The Autism Society of Newfoundland and Labrador is kicking off its annual “Inside Out for Autism” campaign, which seeks to raise funds and awareness around the barriers that people on the autism spectrum face in education, community, in professions, and elsewhere. The idea sprouted from a P.E.I. mother who turned her child’s shirt inside out to prevent the shirt’s tag from bothering him, and many children with autism suffer from sensory sensitivity. In Sackville, New Brunswick, the Open Sky Cooperative charity and mentoring program was also recently showcased, which provides residency and drop-in sessions for people on the autism spectrum, with the goal of bridging gaps in the transition from high school to university. In Richmond, B.C., a board member of the Pacific Autism Family Network is rallying together parents who have children with special needs to create a network of support and resource sharing. The federal government has committed $10.9 million to create the Autism Intellectual Development Disabilities National Resource and Exchange Network (AIDE).

#insideoutforautism @AutismSocietyNL @OpenSkyCoop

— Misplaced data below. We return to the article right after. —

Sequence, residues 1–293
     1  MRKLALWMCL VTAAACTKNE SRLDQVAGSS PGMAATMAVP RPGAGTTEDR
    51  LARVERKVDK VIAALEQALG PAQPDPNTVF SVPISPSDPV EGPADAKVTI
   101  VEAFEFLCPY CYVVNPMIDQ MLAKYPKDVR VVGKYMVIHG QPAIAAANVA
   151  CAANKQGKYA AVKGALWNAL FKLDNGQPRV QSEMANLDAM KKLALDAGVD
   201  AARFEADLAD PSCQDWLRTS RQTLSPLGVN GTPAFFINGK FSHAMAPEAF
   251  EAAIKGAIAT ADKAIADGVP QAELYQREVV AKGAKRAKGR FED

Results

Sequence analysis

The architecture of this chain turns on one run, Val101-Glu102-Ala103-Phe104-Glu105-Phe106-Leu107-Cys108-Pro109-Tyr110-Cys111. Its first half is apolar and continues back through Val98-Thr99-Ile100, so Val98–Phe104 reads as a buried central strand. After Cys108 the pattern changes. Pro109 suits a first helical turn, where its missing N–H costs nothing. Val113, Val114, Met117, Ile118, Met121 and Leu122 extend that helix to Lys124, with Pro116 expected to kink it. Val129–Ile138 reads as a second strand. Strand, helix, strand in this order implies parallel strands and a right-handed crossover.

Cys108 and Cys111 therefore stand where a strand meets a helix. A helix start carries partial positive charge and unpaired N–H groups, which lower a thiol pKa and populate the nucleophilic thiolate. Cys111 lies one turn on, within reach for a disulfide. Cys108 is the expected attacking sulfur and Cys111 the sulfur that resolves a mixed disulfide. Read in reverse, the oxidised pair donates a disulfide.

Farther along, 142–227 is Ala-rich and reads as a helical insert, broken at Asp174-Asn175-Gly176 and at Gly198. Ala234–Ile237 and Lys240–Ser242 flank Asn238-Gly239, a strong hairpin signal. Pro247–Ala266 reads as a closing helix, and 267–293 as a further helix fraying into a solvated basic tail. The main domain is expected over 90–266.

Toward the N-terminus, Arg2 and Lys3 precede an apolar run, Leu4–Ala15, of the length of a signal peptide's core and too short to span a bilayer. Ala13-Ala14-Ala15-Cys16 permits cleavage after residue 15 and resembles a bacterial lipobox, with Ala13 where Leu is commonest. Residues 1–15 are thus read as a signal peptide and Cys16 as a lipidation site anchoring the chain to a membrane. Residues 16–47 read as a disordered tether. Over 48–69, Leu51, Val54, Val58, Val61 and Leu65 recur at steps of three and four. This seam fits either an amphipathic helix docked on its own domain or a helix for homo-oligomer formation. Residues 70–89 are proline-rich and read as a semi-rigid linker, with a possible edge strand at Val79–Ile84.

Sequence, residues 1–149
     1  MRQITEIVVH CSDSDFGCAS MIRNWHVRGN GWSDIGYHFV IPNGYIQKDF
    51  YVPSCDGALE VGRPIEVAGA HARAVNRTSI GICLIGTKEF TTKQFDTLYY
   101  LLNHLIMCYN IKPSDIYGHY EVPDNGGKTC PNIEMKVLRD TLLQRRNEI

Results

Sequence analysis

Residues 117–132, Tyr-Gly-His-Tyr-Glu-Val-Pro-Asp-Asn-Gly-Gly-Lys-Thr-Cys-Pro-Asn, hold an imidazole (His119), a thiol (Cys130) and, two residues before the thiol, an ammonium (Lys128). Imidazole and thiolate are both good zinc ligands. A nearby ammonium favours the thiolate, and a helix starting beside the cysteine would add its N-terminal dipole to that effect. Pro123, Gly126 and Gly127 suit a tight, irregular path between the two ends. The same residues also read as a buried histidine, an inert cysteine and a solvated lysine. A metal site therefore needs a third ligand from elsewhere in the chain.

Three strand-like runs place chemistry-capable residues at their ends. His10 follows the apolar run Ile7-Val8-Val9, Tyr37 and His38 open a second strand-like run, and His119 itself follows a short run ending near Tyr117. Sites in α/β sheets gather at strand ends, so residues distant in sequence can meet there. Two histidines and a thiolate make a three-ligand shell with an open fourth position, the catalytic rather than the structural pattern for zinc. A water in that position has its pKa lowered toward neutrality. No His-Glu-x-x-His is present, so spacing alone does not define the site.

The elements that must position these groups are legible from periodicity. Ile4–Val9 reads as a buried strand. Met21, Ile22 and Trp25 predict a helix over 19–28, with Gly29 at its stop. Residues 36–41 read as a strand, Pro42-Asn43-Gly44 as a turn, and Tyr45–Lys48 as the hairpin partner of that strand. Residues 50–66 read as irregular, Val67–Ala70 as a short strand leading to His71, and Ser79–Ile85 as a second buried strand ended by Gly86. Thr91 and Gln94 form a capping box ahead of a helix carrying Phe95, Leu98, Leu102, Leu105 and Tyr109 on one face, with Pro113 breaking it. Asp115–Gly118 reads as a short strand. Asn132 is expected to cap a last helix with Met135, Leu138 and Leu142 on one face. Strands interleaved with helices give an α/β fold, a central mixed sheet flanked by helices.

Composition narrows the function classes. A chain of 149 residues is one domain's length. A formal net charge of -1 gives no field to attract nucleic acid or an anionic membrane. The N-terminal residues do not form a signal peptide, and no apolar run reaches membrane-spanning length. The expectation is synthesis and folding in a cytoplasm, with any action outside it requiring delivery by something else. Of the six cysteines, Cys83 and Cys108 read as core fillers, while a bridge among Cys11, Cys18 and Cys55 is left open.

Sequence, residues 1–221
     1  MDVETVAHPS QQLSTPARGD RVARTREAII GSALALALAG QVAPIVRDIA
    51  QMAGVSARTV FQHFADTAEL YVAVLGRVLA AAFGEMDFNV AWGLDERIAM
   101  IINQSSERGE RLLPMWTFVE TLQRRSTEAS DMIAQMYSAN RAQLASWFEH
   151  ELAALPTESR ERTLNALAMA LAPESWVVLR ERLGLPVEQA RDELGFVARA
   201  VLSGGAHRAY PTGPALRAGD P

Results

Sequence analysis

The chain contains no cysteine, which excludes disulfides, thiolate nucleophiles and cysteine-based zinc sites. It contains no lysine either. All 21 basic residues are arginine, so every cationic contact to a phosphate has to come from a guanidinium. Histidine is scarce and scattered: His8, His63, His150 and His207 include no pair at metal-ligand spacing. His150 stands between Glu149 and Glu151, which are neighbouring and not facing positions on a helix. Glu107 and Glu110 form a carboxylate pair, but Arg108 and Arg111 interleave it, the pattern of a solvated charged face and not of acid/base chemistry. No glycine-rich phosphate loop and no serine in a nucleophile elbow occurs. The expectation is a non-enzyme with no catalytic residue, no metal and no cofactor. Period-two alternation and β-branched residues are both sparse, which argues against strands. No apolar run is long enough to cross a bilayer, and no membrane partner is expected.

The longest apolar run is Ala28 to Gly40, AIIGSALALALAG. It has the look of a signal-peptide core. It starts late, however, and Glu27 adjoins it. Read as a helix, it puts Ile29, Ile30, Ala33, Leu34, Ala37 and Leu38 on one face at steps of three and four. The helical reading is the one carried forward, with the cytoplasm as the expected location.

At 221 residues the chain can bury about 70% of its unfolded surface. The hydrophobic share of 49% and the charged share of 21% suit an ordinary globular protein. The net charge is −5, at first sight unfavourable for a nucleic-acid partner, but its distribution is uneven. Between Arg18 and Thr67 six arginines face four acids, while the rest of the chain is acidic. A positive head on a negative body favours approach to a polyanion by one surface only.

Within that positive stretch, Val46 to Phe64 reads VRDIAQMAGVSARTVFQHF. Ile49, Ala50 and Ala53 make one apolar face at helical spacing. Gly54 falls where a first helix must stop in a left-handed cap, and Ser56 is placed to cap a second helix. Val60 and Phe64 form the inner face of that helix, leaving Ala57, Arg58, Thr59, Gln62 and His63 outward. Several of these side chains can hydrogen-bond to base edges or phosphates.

« Les gens demandent que ça cesse, ces frais »


Les commissions scolaires québécoises visées par une action collective, une facture de laquelle s’achève jusqu’à 200 millions de dollars.

Les commissions scolaires du Québec ont rejeté une offre de règlement la semaine dernière soumis dans le cadre d’une action collective lancée de la part de Daisye Marci, une mère de Saguenay, en 2013. L’action collective vise 68 des 72 commissions scolaires de la province et fait appel au remboursement de 150 à 200 millions de dollars, soit 100 $ par élève, pour des frais des sorties éducatives et du matériel scolaire facturés aux parents depuis 2009. Contrairement à la Loi sur l’instruction publique, qui précise la gratuité des manuels scolaires et du matériel didactique, ce recours soutient que les parents ont été facturés illégalement. Le ministre de l’Éducation, Sébastien Proulx, a ajouté sa voix à la dispute, faisant appel aux deux côtés à négocier et en précisant que son gouvernement vise à encadrer la gratuité scolaire d’ici la fin de l’année scolaire.